On the face of things, Congress president Rahul Gandhi’s election promise to give each of India’s poorest 20% families Rs 6,000 per month — that is, 12 times what prime minister Narendra Modi has promised to give poor farmers — is an astute political move and, more important, represents a quantum leap in India’s thinking on subsidies.
At one stretch, if you will, Gandhi’s modified Universal Basic Income (UBI) appears to be promising an end to the corruption-ridden subsidy regime India has run for the last 70 years, and, more important, India will have zero poverty once the scheme is implemented.
An obvious question, that arose even when Modi was promising the farmers Rs 6,000 per year, is how much this is going to cost and how this is to be funded. Simple arithmetic tells you the scheme will cost Rs 360,000 crore, an amount that is far greater than what the central government spends on all manner of subsidies, from food to electricity, fertilisers, water, scholarships, rations, etc.
As such, the scheme is unaffordable, and seems like the farm loan waivers that various political parties have been promising over the past few elections, including one Parliamentary one.
Though Rahul Gandhi has not said so, the fact that the Congress has said the scheme will be fiscally responsible, suggests that all other subsidies will be removed. So, there will be no fertilizer subsidies, no power subsidies, no subsidized rations, nothing.
All of this will be replaced by a cash transfer and the poor– or the relatively poorer segment of the population — will be free to spend their money on what they want, and because everything will be paid for at market prices, this won’t distort the market either.
The other possibility is the scheme, like Modi’s Ayushman Bharat medical insurance once, will be jointly funded along with the states; the states spend roughly the same amount that the centre does on various welfare schemes.
What complicates matters is the possibility that the Congress party is not planning a flat Rs 72,000 per poor family per year, but is planning a top-up scheme to supplement a family’s income. So, a family that earns Rs 36,000 will get another Rs 36,000 while a family that earns Rs 70,000 will get just Rs 2,000.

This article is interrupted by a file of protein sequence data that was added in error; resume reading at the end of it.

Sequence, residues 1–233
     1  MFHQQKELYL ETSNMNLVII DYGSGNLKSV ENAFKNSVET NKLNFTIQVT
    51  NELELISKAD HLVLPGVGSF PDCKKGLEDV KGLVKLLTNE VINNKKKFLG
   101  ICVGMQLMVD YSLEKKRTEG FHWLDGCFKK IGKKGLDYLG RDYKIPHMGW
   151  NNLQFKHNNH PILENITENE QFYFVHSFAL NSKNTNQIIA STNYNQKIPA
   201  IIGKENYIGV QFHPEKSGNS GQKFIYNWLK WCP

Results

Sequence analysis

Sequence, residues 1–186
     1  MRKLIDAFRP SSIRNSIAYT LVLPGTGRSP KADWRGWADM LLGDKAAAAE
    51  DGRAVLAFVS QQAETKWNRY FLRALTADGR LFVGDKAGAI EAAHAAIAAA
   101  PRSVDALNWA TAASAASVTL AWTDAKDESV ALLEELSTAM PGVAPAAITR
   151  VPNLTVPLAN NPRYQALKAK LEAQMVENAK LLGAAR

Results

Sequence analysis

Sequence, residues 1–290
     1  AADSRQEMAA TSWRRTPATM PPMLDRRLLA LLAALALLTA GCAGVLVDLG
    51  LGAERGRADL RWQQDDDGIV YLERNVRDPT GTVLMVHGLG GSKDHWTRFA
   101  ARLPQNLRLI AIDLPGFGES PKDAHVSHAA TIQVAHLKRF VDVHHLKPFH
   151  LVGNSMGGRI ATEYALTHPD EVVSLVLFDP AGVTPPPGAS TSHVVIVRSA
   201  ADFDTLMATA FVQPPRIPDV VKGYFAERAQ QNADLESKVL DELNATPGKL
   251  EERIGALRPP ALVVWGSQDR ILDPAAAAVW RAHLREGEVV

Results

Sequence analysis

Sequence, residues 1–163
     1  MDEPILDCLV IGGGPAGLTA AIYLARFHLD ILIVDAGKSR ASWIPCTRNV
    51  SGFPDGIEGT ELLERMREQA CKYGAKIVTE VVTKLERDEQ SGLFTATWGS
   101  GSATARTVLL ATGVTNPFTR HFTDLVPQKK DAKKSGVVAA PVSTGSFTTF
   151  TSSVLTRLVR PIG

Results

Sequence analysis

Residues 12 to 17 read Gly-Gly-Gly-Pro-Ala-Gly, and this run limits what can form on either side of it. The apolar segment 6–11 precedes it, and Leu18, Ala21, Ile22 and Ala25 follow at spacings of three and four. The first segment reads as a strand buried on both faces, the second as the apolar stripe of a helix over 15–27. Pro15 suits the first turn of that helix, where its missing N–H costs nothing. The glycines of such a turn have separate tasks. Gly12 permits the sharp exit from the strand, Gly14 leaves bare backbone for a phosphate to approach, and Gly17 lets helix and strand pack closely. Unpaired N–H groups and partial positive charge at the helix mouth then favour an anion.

While this will make the scheme more affordable, it makes it almost unimplementable, and makes it very corruption-prone. Such a scheme, that sounds ideal from the point of view of a theoretical economist, requires every household to correctly declare its income and take only what is due to it. That’s an invitation to large-scale corruption.
Apart from this very obvious lacuna, what is important is what political parties are planning for the rest of India beyond the bottom-most 20%. There is no logical reason to give subsidies to the better-off, but this has always been obvious and, yet, for the last 70 years, most subsidies have been grabbed by the more wealthy. Indeed, under Sonia Gandhi’s influence, the UPA came up with the National Food security Act that gave two thirds of Indians a 90-95% subsidy on purchase of 5kg per head of rice and wheat per month.
Is Rahul Gandhi saying he is willing to give up subsidies to everyone but the bottom 20%? Indeed, this is also why, when Modi announced his farm-income scheme, he said this would be in addition to existing subsidies, not something to supplant them. In other words, right now, the Congress party’s promise is nothing but an election stunt, aimed at getting more votes, and it remains to be seen if the BJP will try and better this.
A sweeping reform, which is what a modified UBI is, requires a commitment to eliminate all subsidies to anyone but the deserving.
via Rahul Gandhi’s minimum income is either too expensive or unimplementable; and will he abolish subsidies? – The Financial Express